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Clean Energy Is the Future

Clean Energy Is the Future May 27, 2021

The world is burning up. That is, the average atmospheric temperature around the world has increased almost two degrees Fahrenheit in just over the past century. It’s the result of the Industrial Revolution in which we humans have been burning so much fossil fuel–namely coal, petroleum, and natural gas–to heat our homes, drive our cars and trucks, fly in airplanes, produce our electrical power, conduct military operations, and the list goes on and on. But there are still millions of deceived souls who think humans are not heating up the world. These climate deniers are going to have eat crow.

In a very short space of time, national governments are passing laws and setting goals to cut down fossil fuel emissions that are responsible for global warming. And now, the corporate world is getting on the band wagon. Today, three historic things happened to the oil and gas industry–amazingly all on the same day–that will help accelerate the movement to cut back on global warming with renewable fuels, though carbon capture of emissions may have a future as well.

First, a court in the Netherlands, which is in the European Union, ruled today that the Royal Dutch Shell Corporation, which has always been headquartered there, must reduce the emissions resulting from its products sold in the Netherlands by 45% by the year 2030 compared to 2019 levels.

Second, shareholders of Chevron Corporation, the second largest oil company in the U.S., voted for the company to change direction and start reducing its production of oil and gas products that it sells in order to reduce its contribution to global warming.

For forty years I lived in Houston, Texas, not far from the Houston Ship Channel, where oil is king. I have viewed for many years the American oil and gas industry like the American tobacco industry. The latter denied for decades that it was killing people with its tobacco products until the government and courts decided otherwise. That’s what is now starting to happen to the oil and gas industry.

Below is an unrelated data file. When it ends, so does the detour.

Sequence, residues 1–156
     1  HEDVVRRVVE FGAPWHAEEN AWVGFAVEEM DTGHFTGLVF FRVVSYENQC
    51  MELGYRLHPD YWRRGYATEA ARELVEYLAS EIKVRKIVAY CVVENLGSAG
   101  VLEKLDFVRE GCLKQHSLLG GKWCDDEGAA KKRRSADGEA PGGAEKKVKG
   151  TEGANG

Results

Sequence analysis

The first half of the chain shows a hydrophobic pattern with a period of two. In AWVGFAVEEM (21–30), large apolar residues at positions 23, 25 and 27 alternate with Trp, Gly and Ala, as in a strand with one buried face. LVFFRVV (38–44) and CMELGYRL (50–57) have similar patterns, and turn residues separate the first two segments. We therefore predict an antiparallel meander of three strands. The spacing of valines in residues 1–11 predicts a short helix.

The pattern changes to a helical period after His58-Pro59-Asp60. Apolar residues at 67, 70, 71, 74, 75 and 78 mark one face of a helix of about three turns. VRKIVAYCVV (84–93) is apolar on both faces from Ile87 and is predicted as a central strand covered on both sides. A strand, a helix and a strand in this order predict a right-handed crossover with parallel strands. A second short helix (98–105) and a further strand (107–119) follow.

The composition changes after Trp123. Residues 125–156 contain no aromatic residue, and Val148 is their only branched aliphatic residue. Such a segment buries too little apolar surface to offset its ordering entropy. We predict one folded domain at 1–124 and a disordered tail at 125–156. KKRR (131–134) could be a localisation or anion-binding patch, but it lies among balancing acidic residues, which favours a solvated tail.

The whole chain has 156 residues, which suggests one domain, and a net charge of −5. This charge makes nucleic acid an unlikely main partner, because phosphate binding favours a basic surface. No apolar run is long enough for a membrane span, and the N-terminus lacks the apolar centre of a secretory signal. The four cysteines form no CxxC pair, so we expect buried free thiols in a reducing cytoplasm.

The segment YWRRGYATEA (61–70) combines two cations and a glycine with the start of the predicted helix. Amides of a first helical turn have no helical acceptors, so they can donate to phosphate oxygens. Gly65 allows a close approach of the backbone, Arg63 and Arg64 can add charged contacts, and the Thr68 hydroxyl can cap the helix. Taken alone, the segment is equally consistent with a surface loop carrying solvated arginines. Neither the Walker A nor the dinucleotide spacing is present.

Third, Exxon Mobil–the biggest oil corporation in the U.S. and not long ago the largest U.S. corporation for many years–had to eat crow. Shareholders elected two climate activists onto its Board of Directors in an effort to force Exxon Mobil to turn to producing renewable fuels instead on only oil and gas, as it has been doing. Other big oil companies had already been moving in this direction, such as the UK’s BP (British Petroleum). This happened largely due to a new hedge fund, Engine #1 and the three largest mutual fund companies in the U.S. who are all shareholders of Exxon Mobil: Vanguard, Black Rock, and Fidelity. It was a huge slap in the face for Exxon’s chairman of the board and CEO Darren Woods who has been resisting this change.

Being a Christian, I think people should try to be good stewards of planet earth which God created for us. To do otherwise is not loving our neighbor as ourself, especially regarding future generations. Of course, trashing the earth is a complex problem that needs much discussion that I can’t go into in this short blog post. I just believe that people should make an effort to leave this planet the way it was before we lived on it.

Finally, I have blogged multiple times about what the Bible’s most apocalyptic book, Revelation, says about this subject concerning The Judgment. It says concerning “the time for judging the dead” that angels in heaven will praise God “for destroying those who destroy the earth” (Revelation 11.18 NRSV). Pretty sobering.


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